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The Honolulu Advertiser

Posted on: Friday, December 14, 2001

Transportation planners march to their own drum

It's clear that the state Department of Transportation has a job to do in Kane'ohe, knows exactly how to do it, and has little interest in listening to the folks who have to live with it — even though they hate the results.

One wonders whether the department's traffic engineers believe that any highway design that will work in Los Angeles will work here. That might explain why they built a huge concrete wall mauka of Kahe-kili Highway, isolating neighborhood homes and blocking the stunning Ko'olau views.

That's also why, we suppose, they erected giant highway signs all over the new H-3 and the Likelike highways. Fortunately, unlike the concrete walls, which we're stuck with forever, residents howled loudly enough to have the signs downsized.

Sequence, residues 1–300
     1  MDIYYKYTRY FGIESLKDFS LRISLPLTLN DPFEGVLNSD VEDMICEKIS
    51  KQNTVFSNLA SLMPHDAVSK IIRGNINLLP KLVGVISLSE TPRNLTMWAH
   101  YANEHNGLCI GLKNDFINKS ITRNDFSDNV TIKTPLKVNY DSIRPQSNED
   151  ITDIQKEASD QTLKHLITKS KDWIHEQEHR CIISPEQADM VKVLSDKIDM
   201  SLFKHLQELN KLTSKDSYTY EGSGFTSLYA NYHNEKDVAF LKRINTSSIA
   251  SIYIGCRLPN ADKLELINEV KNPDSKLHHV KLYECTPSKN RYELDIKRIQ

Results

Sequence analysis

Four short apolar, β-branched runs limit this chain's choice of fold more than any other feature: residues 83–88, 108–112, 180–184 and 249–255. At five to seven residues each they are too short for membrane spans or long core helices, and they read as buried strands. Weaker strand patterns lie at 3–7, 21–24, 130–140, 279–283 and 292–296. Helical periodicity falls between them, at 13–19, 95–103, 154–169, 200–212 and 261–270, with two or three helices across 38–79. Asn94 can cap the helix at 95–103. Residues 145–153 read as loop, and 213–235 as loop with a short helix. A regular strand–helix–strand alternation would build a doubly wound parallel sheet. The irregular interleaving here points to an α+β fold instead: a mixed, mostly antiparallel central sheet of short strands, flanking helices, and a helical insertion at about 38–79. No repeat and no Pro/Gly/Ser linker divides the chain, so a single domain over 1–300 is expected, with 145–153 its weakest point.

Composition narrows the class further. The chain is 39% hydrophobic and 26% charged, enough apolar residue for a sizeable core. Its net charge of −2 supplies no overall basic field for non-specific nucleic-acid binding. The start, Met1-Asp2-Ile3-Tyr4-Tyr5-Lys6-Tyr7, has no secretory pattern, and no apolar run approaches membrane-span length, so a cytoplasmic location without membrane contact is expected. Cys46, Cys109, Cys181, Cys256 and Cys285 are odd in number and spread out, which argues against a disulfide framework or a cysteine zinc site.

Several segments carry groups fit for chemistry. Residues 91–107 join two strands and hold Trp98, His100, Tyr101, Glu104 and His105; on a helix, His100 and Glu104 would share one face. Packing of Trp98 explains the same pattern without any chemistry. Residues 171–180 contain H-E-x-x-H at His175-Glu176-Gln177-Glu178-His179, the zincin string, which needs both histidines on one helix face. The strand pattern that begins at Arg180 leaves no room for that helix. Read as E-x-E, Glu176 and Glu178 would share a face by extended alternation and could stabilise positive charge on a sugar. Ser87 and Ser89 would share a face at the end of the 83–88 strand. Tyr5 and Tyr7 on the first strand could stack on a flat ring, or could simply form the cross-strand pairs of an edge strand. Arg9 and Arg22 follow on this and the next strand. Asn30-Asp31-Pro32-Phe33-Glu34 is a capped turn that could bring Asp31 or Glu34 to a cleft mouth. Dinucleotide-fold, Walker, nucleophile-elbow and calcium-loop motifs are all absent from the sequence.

But now the same engineers have put up new signs, big enough to be sails on clipper ships, on Kahekili, next to the aforementioned concrete walls.

Outraged residents wonder why the department doesn't have enough money to take meaningful beautification measures next to the walls, but can splurge on these huge signs that no one seems to want.

Residents point out that the speed limit under the signs is only 35 mph; drivers should have no trouble scanning and digesting the messages: "Kailua" and "Honolulu-Pearl Harbor" from signs one-tenth the size.

Department officials say the signs are the result of their having listened to the preferences of residents. They also say they are built around federal specifications. Perhaps they listened, but they failed to hear.

The signs, soaring 40 feet high and spanning three lanes on mammoth steel structures, may be suitable for the Santa Monica Freeway, but not here.

What Hawai'i needs is a Transportation Department interested in building roads suitable for Hawai'i. One size does not fit all.